January 25, 1961 (24th Parliament, 4th Session)


George Stanley White (Government Whip in the Senate)

Progressive Conservative

Mr. White:

By conservative estimates it is expected that the population of London will be 300,000 in the next 20 years. In other words, the present method of securing water is not satisfactory. In other words, water is being stolen from the surrounding farms and it is just about time that this was discontinued.
In addition to this city of London bill, there are several other provincial bills that have set up the water resources commission and others, but they have not corrected the glaring injustice that has been heaped on the surrounding municipalities. There are untold examples I could quote. However, I am going to use this one of which I know from a personal experience. I refer to a well in which the water 50 years ago was within six feet of the top. Today it is 68 feet to the water level. Yet the public utilities commission would tell us that this procedure is not reducing the water table in western Ontario. I am using this example from the county of Middlesex, but the situation applies to practically all of old Ontario west of Toronto. I am not so well acquainted with the rest of the province.
The Ontario water resources commission admit that surface wells in western Ontario will fail in the not too distant future. They also admit that deep artesian wells now owned by farmers are destined to fail if continued and unrestricted exploitation continues. Therefore I think the time has arrived when some action should be taken on the part of the governments concerned, at all levels. Today more farmers in the area are short of water than ever before. Some are drawing water from ponds and lakes; some are buying water.
In addition to this, London's water supply is known as hard water, and some industries and householders are paying more for water softeners and water softening equipment than they are paying for the water they soften. Yet western Ontario is nearly surrounded by

fresh, soft water. There is fresh water and there is soft water. There is lake Huron on the north, lake St. Clair, the river St. Clair and river Detroit on the west, and lake Erie to the south.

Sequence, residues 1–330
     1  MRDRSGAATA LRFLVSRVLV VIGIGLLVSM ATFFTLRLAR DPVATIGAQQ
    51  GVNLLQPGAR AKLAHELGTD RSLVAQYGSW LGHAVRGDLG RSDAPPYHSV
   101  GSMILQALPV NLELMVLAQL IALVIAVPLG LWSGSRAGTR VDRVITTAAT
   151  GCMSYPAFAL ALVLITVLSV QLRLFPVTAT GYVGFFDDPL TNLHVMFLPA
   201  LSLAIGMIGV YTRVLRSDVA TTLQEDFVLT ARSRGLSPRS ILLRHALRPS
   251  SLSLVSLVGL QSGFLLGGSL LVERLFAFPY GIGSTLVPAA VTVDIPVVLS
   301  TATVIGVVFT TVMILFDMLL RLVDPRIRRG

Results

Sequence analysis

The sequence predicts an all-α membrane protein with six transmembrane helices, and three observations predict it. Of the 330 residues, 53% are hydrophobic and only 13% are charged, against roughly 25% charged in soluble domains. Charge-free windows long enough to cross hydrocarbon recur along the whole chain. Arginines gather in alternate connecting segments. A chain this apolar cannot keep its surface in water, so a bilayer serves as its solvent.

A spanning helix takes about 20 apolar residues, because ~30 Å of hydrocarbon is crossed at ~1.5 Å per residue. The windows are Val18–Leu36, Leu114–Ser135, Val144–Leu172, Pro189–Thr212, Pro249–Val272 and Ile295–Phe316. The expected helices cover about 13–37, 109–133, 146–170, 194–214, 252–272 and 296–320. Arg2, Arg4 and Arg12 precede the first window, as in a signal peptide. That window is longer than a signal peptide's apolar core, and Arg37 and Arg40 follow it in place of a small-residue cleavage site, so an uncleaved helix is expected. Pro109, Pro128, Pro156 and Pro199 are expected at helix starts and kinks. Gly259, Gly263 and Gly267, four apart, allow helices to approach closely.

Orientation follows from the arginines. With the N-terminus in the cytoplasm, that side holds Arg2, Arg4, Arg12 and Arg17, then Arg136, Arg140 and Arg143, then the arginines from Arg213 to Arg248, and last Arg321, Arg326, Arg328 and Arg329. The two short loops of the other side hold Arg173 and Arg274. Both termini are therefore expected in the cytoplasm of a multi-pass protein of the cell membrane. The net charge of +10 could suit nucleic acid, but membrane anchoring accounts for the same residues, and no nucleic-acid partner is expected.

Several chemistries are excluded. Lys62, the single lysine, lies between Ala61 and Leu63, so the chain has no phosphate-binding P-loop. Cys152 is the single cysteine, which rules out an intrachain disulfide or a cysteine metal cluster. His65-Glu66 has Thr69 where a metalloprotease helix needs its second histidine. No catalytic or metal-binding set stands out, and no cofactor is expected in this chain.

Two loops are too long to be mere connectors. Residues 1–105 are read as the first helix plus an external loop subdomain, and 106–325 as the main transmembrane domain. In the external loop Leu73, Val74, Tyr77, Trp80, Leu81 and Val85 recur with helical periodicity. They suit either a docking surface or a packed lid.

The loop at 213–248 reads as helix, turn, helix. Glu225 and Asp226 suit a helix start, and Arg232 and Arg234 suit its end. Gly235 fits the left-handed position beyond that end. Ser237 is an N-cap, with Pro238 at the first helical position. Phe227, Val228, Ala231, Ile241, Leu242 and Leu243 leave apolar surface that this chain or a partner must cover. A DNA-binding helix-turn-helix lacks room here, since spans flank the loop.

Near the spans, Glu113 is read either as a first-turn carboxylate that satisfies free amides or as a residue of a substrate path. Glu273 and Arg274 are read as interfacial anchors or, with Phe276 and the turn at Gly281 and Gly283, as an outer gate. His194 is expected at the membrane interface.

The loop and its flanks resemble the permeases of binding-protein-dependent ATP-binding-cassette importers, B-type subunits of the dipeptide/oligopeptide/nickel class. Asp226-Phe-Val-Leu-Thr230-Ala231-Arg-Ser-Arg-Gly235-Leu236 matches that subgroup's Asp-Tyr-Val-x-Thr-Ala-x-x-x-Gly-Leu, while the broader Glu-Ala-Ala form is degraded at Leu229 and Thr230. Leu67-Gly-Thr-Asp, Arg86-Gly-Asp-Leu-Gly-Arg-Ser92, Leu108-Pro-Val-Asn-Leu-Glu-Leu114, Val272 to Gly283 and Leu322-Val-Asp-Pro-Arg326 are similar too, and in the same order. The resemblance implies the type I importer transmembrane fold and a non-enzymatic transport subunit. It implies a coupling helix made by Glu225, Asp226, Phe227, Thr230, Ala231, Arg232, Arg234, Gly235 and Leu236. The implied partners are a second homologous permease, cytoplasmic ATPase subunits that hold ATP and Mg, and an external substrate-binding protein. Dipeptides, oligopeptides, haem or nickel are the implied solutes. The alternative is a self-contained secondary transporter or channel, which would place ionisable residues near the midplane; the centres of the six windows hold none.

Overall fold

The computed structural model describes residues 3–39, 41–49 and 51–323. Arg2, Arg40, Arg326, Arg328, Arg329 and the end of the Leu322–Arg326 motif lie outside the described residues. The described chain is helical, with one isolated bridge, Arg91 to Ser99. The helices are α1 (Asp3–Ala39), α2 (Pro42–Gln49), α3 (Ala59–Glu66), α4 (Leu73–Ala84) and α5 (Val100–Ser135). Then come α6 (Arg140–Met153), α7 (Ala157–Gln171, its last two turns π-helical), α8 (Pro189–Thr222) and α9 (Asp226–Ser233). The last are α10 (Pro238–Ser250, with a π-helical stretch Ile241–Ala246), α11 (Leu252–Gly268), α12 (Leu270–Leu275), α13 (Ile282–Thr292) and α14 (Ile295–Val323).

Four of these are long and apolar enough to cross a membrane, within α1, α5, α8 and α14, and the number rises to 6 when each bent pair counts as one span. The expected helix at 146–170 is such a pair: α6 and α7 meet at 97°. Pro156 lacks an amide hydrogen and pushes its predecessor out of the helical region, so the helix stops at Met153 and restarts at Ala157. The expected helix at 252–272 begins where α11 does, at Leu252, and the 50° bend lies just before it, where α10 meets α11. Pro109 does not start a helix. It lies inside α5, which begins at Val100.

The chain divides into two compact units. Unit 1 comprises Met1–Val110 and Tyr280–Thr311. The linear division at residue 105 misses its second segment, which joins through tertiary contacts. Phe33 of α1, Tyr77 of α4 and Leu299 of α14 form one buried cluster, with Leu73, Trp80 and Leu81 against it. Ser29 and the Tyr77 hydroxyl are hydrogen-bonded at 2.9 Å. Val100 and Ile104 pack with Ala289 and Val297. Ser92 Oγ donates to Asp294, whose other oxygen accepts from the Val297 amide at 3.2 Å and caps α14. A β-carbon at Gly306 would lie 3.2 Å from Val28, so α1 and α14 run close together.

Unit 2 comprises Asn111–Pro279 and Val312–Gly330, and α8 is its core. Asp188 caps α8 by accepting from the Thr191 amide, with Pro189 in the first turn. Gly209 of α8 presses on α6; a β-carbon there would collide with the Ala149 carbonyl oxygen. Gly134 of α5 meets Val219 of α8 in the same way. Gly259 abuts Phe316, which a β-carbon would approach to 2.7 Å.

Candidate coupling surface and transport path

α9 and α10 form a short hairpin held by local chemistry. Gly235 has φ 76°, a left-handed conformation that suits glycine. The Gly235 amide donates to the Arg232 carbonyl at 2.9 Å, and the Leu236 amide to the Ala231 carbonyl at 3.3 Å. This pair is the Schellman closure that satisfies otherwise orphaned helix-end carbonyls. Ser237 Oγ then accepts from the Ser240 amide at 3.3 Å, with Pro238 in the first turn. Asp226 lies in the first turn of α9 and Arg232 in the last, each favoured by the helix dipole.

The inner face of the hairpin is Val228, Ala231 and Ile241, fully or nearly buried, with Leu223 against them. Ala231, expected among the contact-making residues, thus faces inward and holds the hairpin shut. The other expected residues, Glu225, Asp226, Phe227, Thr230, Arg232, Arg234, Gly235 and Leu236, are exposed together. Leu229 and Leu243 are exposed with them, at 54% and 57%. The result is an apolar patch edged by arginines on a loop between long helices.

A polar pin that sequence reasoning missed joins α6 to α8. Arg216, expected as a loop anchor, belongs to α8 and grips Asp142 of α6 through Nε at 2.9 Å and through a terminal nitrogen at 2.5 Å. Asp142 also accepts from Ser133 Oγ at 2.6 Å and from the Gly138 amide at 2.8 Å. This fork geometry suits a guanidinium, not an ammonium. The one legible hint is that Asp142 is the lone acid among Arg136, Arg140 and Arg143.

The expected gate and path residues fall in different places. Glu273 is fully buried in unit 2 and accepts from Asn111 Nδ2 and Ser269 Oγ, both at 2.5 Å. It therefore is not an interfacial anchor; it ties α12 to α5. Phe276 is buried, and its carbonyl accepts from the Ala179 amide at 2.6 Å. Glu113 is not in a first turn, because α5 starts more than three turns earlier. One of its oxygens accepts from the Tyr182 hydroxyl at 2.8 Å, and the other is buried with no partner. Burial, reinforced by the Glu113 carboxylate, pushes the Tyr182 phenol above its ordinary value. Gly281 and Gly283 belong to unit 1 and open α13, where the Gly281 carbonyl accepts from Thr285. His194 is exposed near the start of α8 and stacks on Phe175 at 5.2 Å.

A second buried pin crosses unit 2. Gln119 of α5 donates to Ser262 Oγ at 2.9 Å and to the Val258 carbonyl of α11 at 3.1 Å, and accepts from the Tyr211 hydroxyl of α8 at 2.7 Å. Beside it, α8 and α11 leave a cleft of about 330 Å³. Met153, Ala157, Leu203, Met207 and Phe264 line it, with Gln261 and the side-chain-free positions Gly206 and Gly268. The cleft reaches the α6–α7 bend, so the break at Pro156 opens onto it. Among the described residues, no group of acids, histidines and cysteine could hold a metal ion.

The London public utilities commission is now engaged in drilling for water within approximately 15 miles of lake Erie. In other words, they are pretty near out in the lake drilling for water now, but at the same time they are stealing water from surrounding municipalities. I doubt whether 15 per cent of the farm population in my area have deep wells.
The city of London is saying to these farmers, "If we dry your well, we will supply you with water". But supposing a few years hence the farmer drills a well and the water table has lowered to the point where he does not reach water? Are they going to supply it to him? No, definitely not. And if they do supply it to him, they will only supply it at a price.
We should take a look at the history of other lands once fertile, green and forested, which over the centuries have become denuded of trees, short of water, and semi-arid. They are the bible lands, Babylon, Greece, north Africa and the Mediterranean area. If we take a look to the south, to the United States, we see that there one farmer in every four is co-operating in the nation's conservation plans.
In Canada we have polluted lakes and rivers, and the hon. member for Lambton West has drawn this very graphically to the attention of the authorities from time to time. The royal commission on forestry reported in 1947 that in old Ontario over five million acres of waste land should be returned to forest.
According to Rand McNally's standard world atlas, Canada's land area is shown as being only 3 per cent arable, and then we talk rather glibly about our inexhaustible natural resources.
It is in this regard that I welcome, as I said before, the introduction today of this resolution by the minister. Following on what I have already stated, we have now arrived at a time when I believe we should protect the rights of minorities. I would respectfully refer to the other place. This was one of the duties assigned to the other place at the time of confederation.
Legislation that would define the rights to water resources is overdue. The Ontario water resources commission is so far, the only hope, as it is aware of this problem confronting all of old Ontario and is making far-reaching studies in this connection.
I apologize to the house for taking up a little time in dealing with what is in a way

a local problem, but at the same time it affects all of old Ontario. I hope the necessary steps will be taken in the not too distant future to equitably distribute this great natural resource of ours, water.

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